Marriage annulment nixed after B.C. judge finds ‘imposter’ posed as ex-wife at hearing

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A marriage annulment that removed a B.C. woman as a beneficiary from her ex-husband’s pension plan has been cancelled after a judge determined an “imposter” had agreed to the terms in court.


Gina Elizabeth Zant told Kamloops Supreme Court she was shocked to learn earlier this year that her marriage to Warren Thomas Zant had been nullified, along with her legal interest in his pension.


The couple married in the Cook Islands in 1999, but had been separated since 2016 under an agreement that entitled Gina Zant to continue receiving full dependant coverage under her ex’s benefits.


The terms of the annulment, which changed the pension beneficiary to one Maryna Du Plessis Baylis, were decided at a court hearing last fall that was attended remotely by someone presenting as Gina Zant – which was also news to the actual Gina Zant.


“I am unable to determine, on the basis of the evidence before me, who actually appeared at the application,” Justice Dennis Hori wrote in a Nov. 18 decision.


“However, I am satisfied that whoever attended by telephone on that date was an imposter.”


Ahead of the annulment hearing last year, the court had also received a statement purporting to be from Gina Zant declaring that their 1999 marriage was “not legally binding” because she was still married to her previous husband at the time.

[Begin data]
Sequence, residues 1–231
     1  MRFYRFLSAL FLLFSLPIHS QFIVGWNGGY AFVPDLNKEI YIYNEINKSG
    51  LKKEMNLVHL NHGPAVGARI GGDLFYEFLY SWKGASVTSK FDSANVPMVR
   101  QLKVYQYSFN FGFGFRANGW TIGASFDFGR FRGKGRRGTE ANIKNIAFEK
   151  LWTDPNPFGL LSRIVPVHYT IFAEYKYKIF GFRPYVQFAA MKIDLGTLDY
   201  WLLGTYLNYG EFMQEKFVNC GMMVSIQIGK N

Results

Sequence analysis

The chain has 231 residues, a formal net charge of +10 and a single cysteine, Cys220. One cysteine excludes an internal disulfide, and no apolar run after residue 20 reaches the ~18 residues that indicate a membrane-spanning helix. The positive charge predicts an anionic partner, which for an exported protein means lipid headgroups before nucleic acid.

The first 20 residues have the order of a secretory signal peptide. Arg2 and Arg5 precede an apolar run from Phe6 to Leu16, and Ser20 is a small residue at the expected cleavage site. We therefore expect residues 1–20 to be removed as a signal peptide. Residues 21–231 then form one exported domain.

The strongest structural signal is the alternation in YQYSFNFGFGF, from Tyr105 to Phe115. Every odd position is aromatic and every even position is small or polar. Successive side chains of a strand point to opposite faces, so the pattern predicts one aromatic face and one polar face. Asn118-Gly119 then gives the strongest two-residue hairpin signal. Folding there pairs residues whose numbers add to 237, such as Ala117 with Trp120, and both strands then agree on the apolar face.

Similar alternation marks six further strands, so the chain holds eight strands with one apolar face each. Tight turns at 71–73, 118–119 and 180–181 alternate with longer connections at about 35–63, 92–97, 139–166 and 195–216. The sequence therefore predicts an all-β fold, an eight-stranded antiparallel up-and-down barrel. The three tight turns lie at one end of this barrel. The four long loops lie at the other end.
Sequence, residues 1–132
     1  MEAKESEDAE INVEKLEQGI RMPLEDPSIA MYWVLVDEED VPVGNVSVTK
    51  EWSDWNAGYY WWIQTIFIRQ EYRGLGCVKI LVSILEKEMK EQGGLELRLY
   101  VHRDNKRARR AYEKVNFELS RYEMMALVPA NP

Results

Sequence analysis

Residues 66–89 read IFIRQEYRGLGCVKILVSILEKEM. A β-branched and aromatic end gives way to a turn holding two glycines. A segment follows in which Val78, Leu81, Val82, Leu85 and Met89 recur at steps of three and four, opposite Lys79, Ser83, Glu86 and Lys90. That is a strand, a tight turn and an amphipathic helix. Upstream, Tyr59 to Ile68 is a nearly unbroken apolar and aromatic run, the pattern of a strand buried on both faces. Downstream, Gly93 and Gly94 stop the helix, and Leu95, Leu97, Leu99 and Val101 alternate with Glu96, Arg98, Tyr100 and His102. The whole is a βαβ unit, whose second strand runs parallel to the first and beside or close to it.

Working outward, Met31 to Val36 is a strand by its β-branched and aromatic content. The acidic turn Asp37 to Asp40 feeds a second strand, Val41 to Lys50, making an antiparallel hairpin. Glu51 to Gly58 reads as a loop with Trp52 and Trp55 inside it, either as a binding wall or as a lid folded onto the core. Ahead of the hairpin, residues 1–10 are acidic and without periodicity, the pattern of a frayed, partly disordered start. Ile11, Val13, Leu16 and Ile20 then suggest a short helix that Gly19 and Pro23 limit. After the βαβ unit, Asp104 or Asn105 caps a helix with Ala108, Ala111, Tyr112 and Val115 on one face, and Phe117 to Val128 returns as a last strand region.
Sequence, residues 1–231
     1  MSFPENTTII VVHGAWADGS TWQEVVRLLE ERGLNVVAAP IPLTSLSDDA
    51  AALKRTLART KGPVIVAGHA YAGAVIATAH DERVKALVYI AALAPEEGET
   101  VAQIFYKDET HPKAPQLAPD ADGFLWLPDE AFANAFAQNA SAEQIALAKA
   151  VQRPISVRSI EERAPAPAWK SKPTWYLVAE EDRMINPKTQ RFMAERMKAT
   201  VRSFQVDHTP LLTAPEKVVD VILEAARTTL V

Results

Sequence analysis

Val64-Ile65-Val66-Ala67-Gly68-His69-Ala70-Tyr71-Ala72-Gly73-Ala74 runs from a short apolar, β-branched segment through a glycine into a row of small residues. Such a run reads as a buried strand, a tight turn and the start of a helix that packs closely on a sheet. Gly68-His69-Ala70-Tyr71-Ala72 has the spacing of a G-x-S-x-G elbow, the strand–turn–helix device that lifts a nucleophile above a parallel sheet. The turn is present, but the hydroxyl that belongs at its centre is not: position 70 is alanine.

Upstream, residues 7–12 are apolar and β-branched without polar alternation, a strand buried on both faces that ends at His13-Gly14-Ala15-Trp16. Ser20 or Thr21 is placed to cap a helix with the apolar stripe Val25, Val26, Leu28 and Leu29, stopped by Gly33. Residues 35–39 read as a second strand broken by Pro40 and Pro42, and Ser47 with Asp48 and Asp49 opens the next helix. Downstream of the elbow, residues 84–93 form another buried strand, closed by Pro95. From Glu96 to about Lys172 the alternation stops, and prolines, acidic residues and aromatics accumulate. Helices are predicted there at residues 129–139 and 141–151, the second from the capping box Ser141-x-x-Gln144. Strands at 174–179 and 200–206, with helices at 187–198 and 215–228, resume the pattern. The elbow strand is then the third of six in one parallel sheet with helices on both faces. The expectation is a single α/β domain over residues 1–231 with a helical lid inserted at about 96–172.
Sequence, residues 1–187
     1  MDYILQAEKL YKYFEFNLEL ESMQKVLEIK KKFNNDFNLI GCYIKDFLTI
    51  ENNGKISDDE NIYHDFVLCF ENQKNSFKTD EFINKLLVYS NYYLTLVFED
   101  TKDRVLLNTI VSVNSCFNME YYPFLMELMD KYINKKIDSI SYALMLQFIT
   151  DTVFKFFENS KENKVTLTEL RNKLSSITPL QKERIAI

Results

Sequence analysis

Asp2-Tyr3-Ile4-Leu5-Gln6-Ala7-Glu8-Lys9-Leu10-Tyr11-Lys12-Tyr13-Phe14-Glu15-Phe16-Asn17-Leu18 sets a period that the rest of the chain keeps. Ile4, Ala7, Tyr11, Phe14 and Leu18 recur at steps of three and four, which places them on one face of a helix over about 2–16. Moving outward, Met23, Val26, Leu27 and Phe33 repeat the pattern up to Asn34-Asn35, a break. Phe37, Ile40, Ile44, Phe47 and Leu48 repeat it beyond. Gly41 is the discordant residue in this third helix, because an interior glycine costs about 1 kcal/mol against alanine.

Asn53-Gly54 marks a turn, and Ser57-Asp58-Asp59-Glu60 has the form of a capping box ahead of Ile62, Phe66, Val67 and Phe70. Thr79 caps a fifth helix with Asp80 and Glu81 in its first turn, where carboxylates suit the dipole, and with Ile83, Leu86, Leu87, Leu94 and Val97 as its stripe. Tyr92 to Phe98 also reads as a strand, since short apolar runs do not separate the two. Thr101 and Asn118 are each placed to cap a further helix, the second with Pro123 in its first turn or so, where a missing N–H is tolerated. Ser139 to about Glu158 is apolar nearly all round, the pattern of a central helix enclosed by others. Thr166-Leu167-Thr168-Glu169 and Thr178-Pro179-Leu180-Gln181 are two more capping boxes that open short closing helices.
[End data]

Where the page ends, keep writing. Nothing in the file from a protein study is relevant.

“I took the decision not to tell Warren,” the statement read. “The claimant never asked for my divorce documents and believed everything I told him.”


Hori found that was simply not the case. Gina Zant was able to produce a copy of her divorce certificate, which was issued by B.C. Supreme Court months before the Zants tied the knot.


An email Warren Zant presented in his annulment application claiming to be from Cook Island officials stating their marriage had been deemed “null and void” as of January 2000 was likely fake as well, Hori said.


Overall, the judge found there was ample reason to believe the ex-husband and others representing him in court were “not credible.”


“My impression is that Warren Zant and his representatives make allegations that suit their purposes at that time without regard to the validity of those allegations,” Hori wrote.


The judge questioned a claim that the ex-husband has been “legally incompetent” since 2012 – noting that would have made him unable to bring forward his annulment application personally – and rejected an argument that he should be entitled to damages for injury to his health and mental well-being, then aside the annulment he had granted last November.


“I am satisfied that where an imposter appears at an application representing themselves as a party, without the consent of the actual party, there is sufficient grounds to set aside the orders made at the application,” Hori wrote.


CTV News contacted Warren Zant on Facebook and received a message from someone identifying themselves as Maryna Du Plessis Baylis, who said Zant could not comment on the judgment because he is “unable to comprehend things.”


The message  instead directed questions to two of Zant’s representatives. This article will be updated if a response is received.

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